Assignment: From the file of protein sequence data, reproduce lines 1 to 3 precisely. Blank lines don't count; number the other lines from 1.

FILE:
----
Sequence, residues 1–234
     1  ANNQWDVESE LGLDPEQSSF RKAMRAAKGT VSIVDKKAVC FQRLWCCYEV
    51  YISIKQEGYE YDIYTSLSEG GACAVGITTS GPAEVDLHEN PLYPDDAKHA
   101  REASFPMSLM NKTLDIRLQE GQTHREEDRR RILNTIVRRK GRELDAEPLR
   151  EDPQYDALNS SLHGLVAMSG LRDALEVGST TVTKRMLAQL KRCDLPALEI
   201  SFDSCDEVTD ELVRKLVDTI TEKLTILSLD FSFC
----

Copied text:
Sequence, residues 1–234
     1  ANNQWDVESE LGLDPEQSSF RKAMRAAKGT VSIVDKKAVC FQRLWCCYEV
    51  YISIKQEGYE YDIYTSLSEG GACAVGITTS GPAEVDLHEN PLYPDDAKHA